Anonymous
Anonymous asked in Society & CultureLanguages · 1 decade ago

Where does the phrase, "Thus Endeth The Lesson" originate?

Is it from a book? A play? Of course I'm leaning toward Shakespeare at this point, that would be pretty standard for this kind of thing... A translation from Latin or Greek, perhaps? The thing has found such common use on the internet, the primary source material is never the first thing in a search. Does anybody know for certain? If possible, please point me to the exact quotation, in context, which I could perhaps cite in a bibliography. Thanks in advance!

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  • Anonymous
    1 decade ago
    Best Answer

    Yes, "Here endeth the lesson" is a traditional wrap-up phrase after a Bible reading in church, especially from the King James version. It was common up until about the 1950s, and probably in several different denominations, but it has gradually been eliminated because it sounds so dated, particularly after a passage from a more modern translation.

    However, it is still specified as the wording after the Bible reading in one form of Anglican service, according to the web page below which is an online copy of part of their "Book of Common Order".

    Bible readings in our church end with this:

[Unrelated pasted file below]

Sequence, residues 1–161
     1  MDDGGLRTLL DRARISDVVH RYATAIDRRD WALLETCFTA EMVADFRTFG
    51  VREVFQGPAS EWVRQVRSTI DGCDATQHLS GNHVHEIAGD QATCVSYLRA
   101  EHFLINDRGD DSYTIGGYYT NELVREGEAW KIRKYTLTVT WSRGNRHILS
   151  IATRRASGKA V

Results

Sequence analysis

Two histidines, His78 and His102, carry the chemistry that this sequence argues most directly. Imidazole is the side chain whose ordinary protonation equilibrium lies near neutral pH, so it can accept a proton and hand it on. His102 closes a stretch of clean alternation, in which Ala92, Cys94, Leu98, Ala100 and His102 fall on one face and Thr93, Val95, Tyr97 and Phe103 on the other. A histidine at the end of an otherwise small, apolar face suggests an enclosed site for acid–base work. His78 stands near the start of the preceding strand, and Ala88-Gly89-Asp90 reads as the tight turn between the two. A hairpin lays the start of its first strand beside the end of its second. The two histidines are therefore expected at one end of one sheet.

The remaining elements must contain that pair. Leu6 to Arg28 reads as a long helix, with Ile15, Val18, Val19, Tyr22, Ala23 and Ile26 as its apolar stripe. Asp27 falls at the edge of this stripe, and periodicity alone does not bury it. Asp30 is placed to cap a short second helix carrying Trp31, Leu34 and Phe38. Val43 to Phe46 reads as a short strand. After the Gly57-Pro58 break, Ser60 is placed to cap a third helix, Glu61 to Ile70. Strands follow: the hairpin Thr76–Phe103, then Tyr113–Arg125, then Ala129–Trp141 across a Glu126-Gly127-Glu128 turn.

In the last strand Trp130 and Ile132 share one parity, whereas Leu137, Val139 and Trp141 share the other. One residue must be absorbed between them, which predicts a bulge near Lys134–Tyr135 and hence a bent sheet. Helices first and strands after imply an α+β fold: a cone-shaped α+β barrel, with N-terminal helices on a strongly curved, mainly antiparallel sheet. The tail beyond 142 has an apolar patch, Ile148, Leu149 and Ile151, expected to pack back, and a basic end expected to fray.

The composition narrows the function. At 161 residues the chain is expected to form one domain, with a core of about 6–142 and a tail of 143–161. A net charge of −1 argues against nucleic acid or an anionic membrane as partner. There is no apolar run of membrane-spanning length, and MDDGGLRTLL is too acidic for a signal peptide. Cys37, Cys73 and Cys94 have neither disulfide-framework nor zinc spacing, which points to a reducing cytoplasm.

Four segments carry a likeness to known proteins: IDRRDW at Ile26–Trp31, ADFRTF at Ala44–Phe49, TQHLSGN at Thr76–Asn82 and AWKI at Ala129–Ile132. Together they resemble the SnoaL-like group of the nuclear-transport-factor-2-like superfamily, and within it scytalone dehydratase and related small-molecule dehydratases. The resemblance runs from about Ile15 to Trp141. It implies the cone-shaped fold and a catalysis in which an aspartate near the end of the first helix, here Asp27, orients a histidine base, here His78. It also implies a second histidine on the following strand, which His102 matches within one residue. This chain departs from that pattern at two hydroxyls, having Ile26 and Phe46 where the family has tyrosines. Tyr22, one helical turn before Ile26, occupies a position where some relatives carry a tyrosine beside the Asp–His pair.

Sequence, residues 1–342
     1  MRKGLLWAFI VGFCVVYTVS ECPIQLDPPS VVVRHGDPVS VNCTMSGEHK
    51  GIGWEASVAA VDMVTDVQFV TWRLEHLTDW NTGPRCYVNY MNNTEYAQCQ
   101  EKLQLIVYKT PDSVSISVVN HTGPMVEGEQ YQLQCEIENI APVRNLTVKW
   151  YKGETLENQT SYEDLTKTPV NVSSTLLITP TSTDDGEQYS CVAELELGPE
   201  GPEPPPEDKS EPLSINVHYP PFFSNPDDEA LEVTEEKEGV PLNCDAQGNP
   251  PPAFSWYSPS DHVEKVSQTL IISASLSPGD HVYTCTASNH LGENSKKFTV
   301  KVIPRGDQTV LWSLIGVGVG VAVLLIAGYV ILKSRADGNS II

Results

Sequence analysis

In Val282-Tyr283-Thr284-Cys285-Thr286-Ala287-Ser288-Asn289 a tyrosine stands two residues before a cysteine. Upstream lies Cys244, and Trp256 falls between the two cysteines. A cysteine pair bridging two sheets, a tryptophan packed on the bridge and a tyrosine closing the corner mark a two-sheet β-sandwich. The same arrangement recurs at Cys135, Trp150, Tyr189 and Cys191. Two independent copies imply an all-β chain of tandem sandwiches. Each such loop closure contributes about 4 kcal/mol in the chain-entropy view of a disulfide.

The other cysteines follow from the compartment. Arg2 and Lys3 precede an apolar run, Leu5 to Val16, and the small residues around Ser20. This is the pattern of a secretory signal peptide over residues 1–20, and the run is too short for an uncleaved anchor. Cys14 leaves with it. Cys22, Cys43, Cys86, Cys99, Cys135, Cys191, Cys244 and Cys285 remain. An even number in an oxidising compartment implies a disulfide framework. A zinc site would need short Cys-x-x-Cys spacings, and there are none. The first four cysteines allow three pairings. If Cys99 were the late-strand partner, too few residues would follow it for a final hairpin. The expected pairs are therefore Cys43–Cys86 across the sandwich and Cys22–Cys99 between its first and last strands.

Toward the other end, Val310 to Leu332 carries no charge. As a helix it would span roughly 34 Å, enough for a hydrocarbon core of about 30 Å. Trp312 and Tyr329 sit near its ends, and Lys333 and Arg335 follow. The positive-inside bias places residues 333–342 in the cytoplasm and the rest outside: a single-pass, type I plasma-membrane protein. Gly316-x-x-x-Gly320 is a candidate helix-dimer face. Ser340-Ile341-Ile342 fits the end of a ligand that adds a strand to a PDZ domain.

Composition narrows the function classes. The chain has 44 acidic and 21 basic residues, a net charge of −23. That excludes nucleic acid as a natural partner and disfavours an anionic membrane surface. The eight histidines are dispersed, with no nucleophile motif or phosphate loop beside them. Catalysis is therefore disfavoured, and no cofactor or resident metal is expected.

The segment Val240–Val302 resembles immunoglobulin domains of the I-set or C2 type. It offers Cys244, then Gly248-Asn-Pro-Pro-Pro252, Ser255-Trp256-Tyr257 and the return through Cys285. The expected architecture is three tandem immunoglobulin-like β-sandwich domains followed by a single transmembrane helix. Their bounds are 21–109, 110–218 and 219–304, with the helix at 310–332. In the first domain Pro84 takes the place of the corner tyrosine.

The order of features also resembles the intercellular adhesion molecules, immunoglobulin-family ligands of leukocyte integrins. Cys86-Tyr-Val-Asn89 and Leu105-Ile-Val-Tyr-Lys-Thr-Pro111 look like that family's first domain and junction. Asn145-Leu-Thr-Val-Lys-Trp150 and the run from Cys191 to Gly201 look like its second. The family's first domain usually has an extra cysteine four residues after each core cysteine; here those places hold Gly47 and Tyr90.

(Reader) This is the word of the Lord.

    (All respond) Thanks be to God.

  • 3 years ago

    Here Endeth The Lesson

  • 4 years ago

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    RE:

    Where does the phrase, "Thus Endeth The Lesson" originate?

    Is it from a book? A play? Of course I'm leaning toward Shakespeare at this point, that would be pretty standard for this kind of thing... A translation from Latin or Greek, perhaps? The thing has found such common use on the internet, the primary source material is never the first thing in a...

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  • Sterz
    Lv 6
    1 decade ago

    Sounds like from the liturgy.

    Just found it. In some High Church liturgies, such as the episcopalian one, the solemn readings from the bible as part of the liturgy, or sometimes also sermons, end "Here endeth the lesson" ("thus" seems to be a misquote).

    The phrase was famously used ironically in the film :"The Untouchables" (1987):

    Malone: You just fulfilled the first rule of law enforcement: make sure when your shift is over you go home alive. Here endeth the lesson. "

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  • 4 years ago

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    Several expressions in French attempt to link various practices perceived as unsavory to England, e.g., "l'éducation anglaise" (disciplining children by sexually-tinged spanking). Ironically, several expressions are used by both the English and the French to describe the same unacceptable habit, but attributing the habit to the other people : e.g., "taking French leave" (leaving a party or other gathering without taking polite leave of one's host) is referred to in French as "filer à l'anglaise" (literally, "flee English-style"), while the (now somewhat archaic) expression "French letter" (referring to a condom) is rendered in French as "capote anglaise". During the 16th century in England, genital herpes was called the "French disease" and "French-sick" was a term for syphilis. These are also considered examples of Francophobia.

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